Google Inc (NASDAQ:GOOG)
has been involved in quite the staring contest with the European Union over a variety of issues, the most noteworthy being two - its anti-competitive approach to search results, and its violation of individual privacy with its various services in Europe. Privacy is a hug concern in many places around the world, and there is another example of it outside the European Union's borders. But with the EU competition commissioner continuing to go before microphones to give the latest information and threats, is the case against Google Inc become more the boy who cried wolf, or will the EU finally step up after more than three years and come to some resolution in its current anti-trust investigation?
Google Inc (NASDAQ:GOOG), our health is none of your business
Google Inc (NASDAQ:GOOG) has made quite a living for itself using its advertising platform with advertisers, which has allowed those partners to very specifically target their advertising toward certain consumers, creating high click-through rates and strong returns on investment for the advertisers and ultimately for Google Inc. However, as Google Inc collects information about consumers through their web behaviors (including scanning emails and tracking web-browsing histories), it also can collect information about an individual's health. At least, that is one man in Canada is alleging, and it has drawn the attention of that country's privacy commissioner.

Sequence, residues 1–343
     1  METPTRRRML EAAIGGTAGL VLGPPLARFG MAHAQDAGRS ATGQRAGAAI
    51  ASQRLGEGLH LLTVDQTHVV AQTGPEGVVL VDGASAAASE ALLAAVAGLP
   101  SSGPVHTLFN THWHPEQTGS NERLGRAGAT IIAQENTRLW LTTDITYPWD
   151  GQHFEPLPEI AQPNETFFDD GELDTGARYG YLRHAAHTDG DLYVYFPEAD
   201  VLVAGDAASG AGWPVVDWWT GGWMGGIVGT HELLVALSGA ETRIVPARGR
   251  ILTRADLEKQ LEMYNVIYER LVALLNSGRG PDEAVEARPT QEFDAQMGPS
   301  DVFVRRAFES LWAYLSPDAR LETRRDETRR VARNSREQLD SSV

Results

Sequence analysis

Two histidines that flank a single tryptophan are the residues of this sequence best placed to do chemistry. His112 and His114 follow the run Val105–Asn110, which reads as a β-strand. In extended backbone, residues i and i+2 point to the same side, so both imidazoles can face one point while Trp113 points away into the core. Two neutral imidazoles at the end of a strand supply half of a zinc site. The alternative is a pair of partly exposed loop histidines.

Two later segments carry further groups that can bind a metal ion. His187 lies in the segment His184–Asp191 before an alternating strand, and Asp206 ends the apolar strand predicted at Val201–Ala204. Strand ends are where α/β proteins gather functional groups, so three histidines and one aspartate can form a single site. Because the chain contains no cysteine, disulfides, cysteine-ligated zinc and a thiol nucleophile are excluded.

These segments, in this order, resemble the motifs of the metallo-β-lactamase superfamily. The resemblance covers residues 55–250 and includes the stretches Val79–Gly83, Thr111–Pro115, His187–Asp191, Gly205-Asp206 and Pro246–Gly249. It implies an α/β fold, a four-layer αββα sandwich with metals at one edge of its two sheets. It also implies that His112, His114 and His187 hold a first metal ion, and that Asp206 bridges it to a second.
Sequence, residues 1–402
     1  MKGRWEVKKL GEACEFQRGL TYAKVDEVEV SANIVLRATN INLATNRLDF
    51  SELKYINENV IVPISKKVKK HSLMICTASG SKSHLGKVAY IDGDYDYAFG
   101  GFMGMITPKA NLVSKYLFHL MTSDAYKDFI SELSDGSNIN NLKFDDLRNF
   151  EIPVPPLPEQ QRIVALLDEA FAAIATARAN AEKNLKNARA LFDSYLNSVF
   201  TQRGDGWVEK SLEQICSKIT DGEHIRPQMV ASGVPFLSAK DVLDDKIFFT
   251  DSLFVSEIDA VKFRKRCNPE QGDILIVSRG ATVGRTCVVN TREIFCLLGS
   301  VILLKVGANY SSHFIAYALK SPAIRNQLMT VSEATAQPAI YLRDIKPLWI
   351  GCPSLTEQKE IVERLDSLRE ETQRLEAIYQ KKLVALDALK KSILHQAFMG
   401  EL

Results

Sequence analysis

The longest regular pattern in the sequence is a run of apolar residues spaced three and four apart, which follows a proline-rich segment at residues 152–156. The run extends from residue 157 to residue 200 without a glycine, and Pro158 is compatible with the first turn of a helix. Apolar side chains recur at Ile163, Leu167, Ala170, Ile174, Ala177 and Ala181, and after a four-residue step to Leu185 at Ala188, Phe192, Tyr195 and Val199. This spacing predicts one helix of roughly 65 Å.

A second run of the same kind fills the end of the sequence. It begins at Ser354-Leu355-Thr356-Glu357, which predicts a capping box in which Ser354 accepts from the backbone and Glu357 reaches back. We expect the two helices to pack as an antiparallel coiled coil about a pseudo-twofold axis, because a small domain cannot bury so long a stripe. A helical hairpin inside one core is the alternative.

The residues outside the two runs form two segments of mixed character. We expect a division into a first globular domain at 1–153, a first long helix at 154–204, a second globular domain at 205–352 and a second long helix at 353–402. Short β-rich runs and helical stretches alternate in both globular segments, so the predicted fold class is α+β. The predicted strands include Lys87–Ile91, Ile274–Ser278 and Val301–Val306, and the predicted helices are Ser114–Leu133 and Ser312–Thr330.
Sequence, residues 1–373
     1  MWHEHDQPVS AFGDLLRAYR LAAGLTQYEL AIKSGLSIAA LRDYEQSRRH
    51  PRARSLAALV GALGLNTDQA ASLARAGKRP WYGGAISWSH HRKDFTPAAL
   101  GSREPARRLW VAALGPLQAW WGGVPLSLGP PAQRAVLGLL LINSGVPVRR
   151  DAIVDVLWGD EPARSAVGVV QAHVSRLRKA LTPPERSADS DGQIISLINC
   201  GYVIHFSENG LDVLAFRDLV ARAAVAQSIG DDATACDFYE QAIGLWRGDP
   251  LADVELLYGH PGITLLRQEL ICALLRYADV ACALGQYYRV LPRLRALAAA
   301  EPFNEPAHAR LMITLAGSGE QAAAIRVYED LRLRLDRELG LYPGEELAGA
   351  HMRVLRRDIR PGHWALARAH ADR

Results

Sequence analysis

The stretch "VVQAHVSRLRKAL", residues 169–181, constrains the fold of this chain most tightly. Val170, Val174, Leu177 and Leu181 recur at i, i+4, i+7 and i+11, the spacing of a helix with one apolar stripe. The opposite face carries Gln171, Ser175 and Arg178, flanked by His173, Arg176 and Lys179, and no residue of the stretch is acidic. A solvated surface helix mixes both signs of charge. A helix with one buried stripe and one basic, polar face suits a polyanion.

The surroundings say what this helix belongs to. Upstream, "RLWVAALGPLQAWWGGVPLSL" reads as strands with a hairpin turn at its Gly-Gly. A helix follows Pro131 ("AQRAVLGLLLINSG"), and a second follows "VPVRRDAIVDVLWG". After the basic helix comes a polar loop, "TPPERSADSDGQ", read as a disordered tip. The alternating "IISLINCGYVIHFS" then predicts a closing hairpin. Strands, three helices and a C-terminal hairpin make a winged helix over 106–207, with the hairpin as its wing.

The man had been browsing the web about remedies for sleep apnea, and then noticed that he was starting to see ads for sleep apnea devices and remedies. He filed a complaint to interim privacy commissioner Chantal Bernier, who spoke out this week saying that putting out these "behavioral ads" violates Canada law about health privacy.
Google Inc (NASDAQ:GOOG), for its part, says that it will upgrade its system by June 2014 to ensure better compliance, but says that while some advertisers in its ad network know the policy, they tend to violate it on their own.
For now, the privacy commissioner seems satisfied. We do not know if Bernier has any plans to audit the company in June to ensure the changes are made. We don't know if Canada has a trust-but-verify policy.
A mighty wind is blowing ...
... but Google inc (NASDAQ:GOOG) is not paying much attention. Yes, the European Union's competition commissioner, Joaquin Almunia - who is known for getting before microphones and talk about nothing - is back in the press again, talking mor threats against Google Inc about its anti-competitive search engine, which Eu regulators claim favors Google properties and parners in results rather than listing strictly on relevance to search terms.
In the latest press conference, Almunia said that Google Inc (NASDAQ:GOOG) must provide a new set of proposals in hopes of settling the antitrust case against it by spring, or he said the European Commission would go the "traditional route" and institute what could be a lengthy, drawn-out antitrust procedure. Already investigating Google since late 2010, the "traditional" route of antitrust in Europe (rather than the current settlement process as the EU has been doing with Google Inc all along), could take several more years, but if Google Inc is found to have violated antitrust regulations, the fines could be in the billions of dollars.
After three years, the "traditional" procedure could take years? Why do we get a feeling that Google Inc (NASDAQ:GOOG) will call its bluff?